We all know the traditional method of keeping backyard chickens. Build a coop with an enclosed run and fill it with birds. However there are many problems with this method of keeping chickens. The biggest one is cleanliness. In order to keep everything clean enough for the chickens, you have to use a lot of carbon bedding material (wood chips, straw, leaves, etc.) to keep everything from becoming a muck of chicken droppings and mud. Case in point, I had the chicks on one patch of grass for 4 days. I didn’t think they could do much damage to the grass. Yesterday, we completed the mobile run for the chicks, which I will show later, so I started dismantling their temporary run. As you can see in the picture below, they ate away most of the grass and excavated quite a large hole in the dirt.
In order to keep the living environment of the chickens clean in a static living situation requires a LOT of work. So, we’ve come to the conclusion that mobile chicken containment solutions are the way to go moving forward.
So to replace the temporary run for the chicks, we built a 5′ by 5′ PVC frame and wrapped it in half inch wire poultry netting on the sides, 2 inch wire poultry netting and a tarp on the lid.
The lid is held in place with 3 zip ties and can be easily propped up for access to the entire run.
We intentionally chose this method of construction so the run would be light and easily movable by one person. The downside of this is that the run is vunerable to being blown away with a strong wind because of the tarp used as a rain shelter. To weigh the run down, we tied wire across opposing corners and paving stones are laid across the wire.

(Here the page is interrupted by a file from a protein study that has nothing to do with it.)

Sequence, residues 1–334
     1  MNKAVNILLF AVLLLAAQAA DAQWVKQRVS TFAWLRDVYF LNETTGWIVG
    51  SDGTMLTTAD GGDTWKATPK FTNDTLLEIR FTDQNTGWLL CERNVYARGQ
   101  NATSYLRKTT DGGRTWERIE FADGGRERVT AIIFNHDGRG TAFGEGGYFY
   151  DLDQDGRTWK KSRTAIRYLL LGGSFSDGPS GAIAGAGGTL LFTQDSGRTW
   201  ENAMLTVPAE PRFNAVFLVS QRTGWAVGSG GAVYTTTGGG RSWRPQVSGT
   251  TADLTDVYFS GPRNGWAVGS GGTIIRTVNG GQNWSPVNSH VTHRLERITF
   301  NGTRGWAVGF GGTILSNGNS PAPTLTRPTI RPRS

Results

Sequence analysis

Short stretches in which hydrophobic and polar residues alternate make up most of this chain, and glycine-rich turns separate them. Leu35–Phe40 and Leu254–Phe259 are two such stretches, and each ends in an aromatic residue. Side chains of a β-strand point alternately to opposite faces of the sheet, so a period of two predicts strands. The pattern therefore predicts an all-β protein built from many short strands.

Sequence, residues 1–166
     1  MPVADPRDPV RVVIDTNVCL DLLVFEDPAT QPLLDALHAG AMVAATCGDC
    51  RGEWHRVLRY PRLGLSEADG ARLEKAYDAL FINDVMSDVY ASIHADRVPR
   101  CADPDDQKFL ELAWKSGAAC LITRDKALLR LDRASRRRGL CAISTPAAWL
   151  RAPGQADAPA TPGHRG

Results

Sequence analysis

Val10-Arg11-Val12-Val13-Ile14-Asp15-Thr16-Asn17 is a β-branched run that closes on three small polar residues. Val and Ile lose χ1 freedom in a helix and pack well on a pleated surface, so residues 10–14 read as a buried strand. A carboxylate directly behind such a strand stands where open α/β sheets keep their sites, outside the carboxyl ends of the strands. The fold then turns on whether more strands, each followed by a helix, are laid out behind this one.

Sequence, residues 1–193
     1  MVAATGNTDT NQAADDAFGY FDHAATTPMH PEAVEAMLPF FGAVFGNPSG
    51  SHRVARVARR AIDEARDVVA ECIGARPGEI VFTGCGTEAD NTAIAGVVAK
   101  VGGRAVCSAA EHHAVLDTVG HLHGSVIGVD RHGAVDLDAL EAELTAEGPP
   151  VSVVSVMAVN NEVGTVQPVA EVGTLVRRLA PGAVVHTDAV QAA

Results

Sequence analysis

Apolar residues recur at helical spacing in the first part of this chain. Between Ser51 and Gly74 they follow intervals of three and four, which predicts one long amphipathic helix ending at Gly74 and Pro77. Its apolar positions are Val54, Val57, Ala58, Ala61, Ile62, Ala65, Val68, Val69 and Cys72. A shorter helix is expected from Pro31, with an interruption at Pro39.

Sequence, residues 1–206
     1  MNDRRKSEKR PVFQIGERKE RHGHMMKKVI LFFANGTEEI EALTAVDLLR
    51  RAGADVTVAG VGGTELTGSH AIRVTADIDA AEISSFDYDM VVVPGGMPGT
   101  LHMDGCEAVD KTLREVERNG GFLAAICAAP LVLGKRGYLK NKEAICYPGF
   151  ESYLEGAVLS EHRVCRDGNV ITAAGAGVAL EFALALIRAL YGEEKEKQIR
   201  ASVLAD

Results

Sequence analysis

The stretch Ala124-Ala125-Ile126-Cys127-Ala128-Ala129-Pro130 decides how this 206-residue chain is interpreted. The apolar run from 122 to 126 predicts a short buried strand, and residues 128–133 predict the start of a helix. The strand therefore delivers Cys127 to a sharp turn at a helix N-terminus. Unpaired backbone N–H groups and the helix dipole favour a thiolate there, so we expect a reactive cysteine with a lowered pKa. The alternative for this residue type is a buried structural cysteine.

Within the next week or so, this run will become too small for all 26 chicks. At that time, we will build a second run. However, because we need to move them from the brooding coop to the run by hand, we need access to the entire run to catch the chicks. In the future, I hope that the Buffs will be able to be contained by an electric poultry fence.
Because our laying hens have proven themselves to be excellent at jumping fences and they were causing problems while free ranging (pooping EVERYWHERE, raiding the neighbors bird feeder, eating the styrofoam insulation on the house) as well as being in danger of being gobbled by predators, we built a 10′ by 8′ PVC run for them. Why 8′ and not 10′? it simply boiled down to the width of wire we had on hand. We previously bought 4′ wide 2 inch wire mesh that we intended to use as an open top chicken fence. As that idea proved to be ineffective it was lying around, waiting to be used.
We built it with 1/4th of the top as a lid, so we can access their feed trays, water and the chickens themselves if necessary. We hung their water from the PVC frame to keep it clean and so we could put their run on a slope if needed. The plastic bucket you see in the center of the run is full of water to prevent the run from blowing away. When we initially cobbled the run together a VERY strong gust blew through the hollow and sent the run tumbling into a stream 50 yards from where it started.We haven’t had a similar gust since, but we hope this would help prevent such a occurrence from happening again.